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The World of Van Gogh, 1853-1890 by Robert…

The World of Van Gogh, 1853-1890 (1969)

by Robert Wallace

Other authors: Vincent van Gogh

Other authors: See the other authors section.

Series: Time-Life Library of Art

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I am always interested in Genius. It's fascinating, right? Those damned Geniuses – how do they...?

As for painting, for which I myself have zero facility, I collect (modestly according to my meager means), I lust (ooh, can I not get a Terry Wilkinson?), and I search out to sit in amazement.

I think most people see the Great Works on picture books, coffee mugs and mouse pads. What a lot of useless bullshit all that is. To see a masterpiece in person is to be confronted. SLAPPED. Ka-pow. That's the only way.

Traveling through Toledo, Ohio, one comes upon the Libby Gallery. Yes, of Libby Beans fame. Delicious, convenient and, judging by the collection the family amassed, lucrative. So what can you buy with all those beans? Go inside. Be surprised. Classic sculptures from ancient Rome, etc., and, of all things, a Matisse. That giftless scribbler, I thought, until I saw they had one, a woman with her thighs open, not nude but ooh, la la... I can faint merely recalling it.

See Van Gogh, if you can, in person, wherever he can be found. Maybe the best piece I have seen so far hangs just to the right of the main entrance of London's National Portrait Gallery. The colours are over sharp limes and wild blues with everything m o v I n g and don't be surprised to lose your carefully coiffed bouffant to the wind which leaps out at you from that spectacle, that masterpiece, that square canvas of genius.

This book is excellent. I am almost embarrassed to say that. A Time-Life book? Yes, go figure. Vincent's work, his life, his personality are exposed with patience, affection, compassion. Moreover is isn't mere biography, it's part art history, taking intriguing profiles of contemporary artists such as Gauguin, Pissaro, Vincent's love fuelled brother Theo, so that the atmosphere and influences that surrounded Van Gogh soon surround you as you read along, and finally, a new understanding emerges. I can't wait to see these paintings again with new eyes and deeper gratitude.

A real find, in the local thrift shop. You will need to look past the poverty of colour plates, the antiquated print quality, but the text is so redeeming, I wish I could press it into your palm and shout “Read it for his genius, this mad beautiful bastard,” – he's really complex, sincere, marvelous. And human. ( )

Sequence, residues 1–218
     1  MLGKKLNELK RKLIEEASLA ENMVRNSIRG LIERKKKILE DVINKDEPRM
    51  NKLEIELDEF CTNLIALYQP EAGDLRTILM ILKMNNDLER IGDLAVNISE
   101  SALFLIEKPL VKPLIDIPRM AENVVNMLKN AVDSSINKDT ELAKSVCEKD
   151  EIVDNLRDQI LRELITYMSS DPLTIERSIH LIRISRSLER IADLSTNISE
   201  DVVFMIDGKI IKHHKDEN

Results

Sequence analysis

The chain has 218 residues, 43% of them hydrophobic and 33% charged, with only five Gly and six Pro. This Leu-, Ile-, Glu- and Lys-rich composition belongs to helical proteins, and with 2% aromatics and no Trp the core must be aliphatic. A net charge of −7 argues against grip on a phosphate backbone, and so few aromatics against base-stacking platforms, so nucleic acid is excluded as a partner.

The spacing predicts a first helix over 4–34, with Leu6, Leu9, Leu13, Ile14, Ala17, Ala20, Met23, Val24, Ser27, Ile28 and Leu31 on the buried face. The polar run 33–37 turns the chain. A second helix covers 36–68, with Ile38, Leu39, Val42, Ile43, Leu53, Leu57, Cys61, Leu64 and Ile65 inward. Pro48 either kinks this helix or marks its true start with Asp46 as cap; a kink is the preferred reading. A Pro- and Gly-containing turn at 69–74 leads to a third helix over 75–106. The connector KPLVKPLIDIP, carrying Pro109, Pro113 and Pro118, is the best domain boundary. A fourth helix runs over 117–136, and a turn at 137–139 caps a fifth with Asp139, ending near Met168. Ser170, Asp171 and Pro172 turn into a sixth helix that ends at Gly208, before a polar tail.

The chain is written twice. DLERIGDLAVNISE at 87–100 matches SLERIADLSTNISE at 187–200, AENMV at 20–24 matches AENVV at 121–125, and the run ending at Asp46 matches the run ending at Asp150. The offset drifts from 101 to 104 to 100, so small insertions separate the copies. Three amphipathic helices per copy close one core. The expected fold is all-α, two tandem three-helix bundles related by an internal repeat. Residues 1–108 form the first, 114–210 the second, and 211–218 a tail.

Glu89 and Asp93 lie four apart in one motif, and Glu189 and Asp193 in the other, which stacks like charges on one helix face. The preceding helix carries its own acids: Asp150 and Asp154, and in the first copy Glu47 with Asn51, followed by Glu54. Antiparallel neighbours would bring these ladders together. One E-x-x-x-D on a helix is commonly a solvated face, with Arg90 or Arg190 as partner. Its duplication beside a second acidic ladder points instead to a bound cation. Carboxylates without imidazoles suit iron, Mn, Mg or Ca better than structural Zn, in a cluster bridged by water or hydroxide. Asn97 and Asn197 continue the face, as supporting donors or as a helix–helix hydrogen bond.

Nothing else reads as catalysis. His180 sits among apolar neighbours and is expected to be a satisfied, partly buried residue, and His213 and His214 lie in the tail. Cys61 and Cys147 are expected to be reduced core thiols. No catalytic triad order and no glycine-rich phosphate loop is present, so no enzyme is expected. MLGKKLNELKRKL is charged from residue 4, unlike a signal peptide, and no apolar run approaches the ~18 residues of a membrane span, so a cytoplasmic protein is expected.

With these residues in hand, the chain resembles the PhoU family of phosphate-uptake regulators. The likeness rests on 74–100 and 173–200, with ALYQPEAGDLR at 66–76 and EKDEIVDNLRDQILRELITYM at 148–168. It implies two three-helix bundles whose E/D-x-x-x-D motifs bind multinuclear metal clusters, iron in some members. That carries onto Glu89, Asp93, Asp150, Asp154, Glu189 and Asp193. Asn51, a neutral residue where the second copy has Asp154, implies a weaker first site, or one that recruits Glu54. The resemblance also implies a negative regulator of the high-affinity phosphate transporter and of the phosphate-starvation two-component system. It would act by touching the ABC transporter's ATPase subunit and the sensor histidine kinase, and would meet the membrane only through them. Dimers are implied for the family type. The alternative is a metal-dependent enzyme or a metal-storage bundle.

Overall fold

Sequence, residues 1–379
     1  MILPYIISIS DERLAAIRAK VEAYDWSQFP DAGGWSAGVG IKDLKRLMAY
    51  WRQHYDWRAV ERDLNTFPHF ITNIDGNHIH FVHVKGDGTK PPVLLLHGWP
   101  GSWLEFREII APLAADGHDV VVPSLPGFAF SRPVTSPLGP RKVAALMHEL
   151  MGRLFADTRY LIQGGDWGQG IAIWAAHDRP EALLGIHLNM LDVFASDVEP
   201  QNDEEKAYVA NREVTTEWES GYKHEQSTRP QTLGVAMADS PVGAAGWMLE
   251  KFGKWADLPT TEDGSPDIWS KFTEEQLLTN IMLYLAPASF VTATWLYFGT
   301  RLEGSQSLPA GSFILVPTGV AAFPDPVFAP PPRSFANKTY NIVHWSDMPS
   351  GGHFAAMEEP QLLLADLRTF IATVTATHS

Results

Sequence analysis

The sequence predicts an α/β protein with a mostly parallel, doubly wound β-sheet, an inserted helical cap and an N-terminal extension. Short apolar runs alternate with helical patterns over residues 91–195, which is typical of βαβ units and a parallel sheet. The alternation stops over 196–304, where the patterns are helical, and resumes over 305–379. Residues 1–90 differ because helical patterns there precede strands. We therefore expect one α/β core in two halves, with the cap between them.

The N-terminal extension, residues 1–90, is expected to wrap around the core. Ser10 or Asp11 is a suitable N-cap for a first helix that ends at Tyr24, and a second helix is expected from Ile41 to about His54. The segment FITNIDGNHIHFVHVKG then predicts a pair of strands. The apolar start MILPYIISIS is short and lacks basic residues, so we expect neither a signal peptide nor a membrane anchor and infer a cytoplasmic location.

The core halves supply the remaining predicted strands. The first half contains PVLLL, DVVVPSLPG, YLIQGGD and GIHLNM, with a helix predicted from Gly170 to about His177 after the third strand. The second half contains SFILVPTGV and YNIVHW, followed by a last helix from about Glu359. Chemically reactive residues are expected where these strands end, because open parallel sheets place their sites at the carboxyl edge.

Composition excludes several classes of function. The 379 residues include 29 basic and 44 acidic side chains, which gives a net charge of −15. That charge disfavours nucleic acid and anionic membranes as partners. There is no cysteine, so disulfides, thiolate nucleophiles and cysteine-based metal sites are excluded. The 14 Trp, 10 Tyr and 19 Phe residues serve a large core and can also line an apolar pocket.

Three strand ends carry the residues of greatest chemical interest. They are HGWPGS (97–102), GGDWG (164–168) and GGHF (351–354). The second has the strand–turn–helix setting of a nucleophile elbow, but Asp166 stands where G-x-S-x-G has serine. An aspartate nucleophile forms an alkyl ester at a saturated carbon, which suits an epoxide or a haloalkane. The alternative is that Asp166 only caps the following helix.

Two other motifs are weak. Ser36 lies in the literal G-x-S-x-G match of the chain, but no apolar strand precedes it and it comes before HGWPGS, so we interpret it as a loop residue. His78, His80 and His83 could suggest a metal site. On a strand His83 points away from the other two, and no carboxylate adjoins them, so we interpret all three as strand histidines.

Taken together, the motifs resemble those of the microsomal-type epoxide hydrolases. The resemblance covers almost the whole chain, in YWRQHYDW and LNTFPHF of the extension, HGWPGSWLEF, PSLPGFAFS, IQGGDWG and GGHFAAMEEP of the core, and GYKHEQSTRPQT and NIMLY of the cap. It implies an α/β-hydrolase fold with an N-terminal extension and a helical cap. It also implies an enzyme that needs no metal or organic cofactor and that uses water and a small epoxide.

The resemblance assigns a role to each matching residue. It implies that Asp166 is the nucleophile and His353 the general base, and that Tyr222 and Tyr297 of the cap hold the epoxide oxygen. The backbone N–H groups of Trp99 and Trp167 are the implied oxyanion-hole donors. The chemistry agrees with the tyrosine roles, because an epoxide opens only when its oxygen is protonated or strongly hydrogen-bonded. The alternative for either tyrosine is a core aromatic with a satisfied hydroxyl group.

LeonardGMokos | Nov 22, 2016 |
A great book about the troubled artist. Shows the evolution of his talent with the increasing mental anguish. ( )
  JVioland | Jul 14, 2014 |
Showing 2 of 2
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» Add other authors (1 possible)

Author nameRoleType of authorWork?Status
Robert Wallaceprimary authorall editionscalculated
Gogh, Vincent vansecondary authorall editionsconfirmed
Dam, Lize vanTranslatorsecondary authorsome editionsconfirmed
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If there is one fact about Vincent Van Gogh that is well known, it is that he cut off his ear and gave it to a prostitute.
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Vincent Willem van Gogh (30 March 1853 – 29 July 1890) was a Dutch post-Impressionist painter whose work had a far-reaching influence on 20th century art for its vivid colors and emotional impact. He suffered from anxiety and increasingly frequent bouts of mental illness throughout his life and died, largely unknown, at the age of 37 from a self-inflicted gunshot wound.
Little appreciated during his lifetime, his fame grew in the years after his death. Today, he is widely regarded as one of history's greatest painters and an important contributor to the foundations of modern art. Van Gogh did not begin painting until his late twenties, and most of his best-known works were produced during his final two years. He produced more than 2,000 artworks, consisting of around 900 paintings and 1,100 drawings and sketches. Today many of his pieces—including his numerous self portraits, landscapes, portraits and sunflowers—are among the world's most recognizable and expensive works of art.
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